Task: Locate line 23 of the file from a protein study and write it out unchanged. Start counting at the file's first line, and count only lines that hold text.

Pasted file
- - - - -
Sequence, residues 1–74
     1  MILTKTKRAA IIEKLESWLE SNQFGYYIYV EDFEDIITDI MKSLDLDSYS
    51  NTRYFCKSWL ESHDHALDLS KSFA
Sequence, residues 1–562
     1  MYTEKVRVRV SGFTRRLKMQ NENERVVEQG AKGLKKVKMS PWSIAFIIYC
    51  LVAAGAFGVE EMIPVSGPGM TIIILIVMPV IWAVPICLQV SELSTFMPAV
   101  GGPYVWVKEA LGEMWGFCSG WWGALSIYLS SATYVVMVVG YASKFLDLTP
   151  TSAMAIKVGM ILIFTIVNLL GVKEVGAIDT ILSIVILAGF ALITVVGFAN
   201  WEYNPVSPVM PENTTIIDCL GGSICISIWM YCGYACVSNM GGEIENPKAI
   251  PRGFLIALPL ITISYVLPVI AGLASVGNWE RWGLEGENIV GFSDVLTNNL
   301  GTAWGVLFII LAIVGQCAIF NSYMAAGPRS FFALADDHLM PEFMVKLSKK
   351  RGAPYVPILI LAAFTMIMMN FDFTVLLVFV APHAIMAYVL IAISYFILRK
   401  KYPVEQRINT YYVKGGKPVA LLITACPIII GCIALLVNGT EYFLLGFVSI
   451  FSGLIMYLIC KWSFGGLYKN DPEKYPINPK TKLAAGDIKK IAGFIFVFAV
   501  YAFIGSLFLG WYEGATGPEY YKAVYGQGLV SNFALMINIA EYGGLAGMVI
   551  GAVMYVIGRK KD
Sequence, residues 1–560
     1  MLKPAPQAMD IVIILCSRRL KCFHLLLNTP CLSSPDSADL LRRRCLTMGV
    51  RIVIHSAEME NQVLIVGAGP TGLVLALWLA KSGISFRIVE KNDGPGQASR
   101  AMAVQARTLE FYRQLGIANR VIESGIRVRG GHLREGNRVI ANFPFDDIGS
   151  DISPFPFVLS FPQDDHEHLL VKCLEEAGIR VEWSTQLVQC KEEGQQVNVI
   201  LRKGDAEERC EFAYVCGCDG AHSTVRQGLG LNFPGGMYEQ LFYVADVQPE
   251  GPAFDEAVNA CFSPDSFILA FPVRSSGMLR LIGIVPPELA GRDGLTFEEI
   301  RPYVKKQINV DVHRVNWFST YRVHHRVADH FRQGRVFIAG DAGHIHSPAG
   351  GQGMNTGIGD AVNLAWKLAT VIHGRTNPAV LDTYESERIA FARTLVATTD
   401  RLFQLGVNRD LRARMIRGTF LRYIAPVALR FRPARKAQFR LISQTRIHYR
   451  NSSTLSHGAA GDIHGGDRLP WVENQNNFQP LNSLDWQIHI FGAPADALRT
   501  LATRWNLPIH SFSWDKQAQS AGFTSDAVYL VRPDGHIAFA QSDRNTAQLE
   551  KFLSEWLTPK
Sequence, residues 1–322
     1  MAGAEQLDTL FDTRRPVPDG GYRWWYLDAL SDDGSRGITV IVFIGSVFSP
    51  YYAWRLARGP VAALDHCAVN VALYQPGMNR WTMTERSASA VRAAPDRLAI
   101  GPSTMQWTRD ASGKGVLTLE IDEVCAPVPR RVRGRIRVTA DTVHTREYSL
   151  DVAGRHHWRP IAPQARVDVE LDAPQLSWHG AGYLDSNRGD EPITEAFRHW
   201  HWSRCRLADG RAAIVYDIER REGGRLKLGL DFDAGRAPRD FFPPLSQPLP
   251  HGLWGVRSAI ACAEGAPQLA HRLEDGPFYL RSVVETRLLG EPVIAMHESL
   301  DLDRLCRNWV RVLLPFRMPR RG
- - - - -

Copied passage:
   251  GPAFDEAVNA CFSPDSFILA FPVRSSGMLR LIGIVPPELA GRDGLTFEEI